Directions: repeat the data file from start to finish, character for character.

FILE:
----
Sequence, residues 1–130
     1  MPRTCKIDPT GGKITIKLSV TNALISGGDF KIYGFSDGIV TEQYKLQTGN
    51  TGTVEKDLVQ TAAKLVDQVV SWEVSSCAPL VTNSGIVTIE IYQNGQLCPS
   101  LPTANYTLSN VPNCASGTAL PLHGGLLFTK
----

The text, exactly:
Sequence, residues 1–130
     1  MPRTCKIDPT GGKITIKLSV TNALISGGDF KIYGFSDGIV TEQYKLQTGN
    51  TGTVEKDLVQ TAAKLVDQVV SWEVSSCAPL VTNSGIVTIE IYQNGQLCPS
   101  LPTANYTLSN VPNCASGTAL PLHGGLLFTK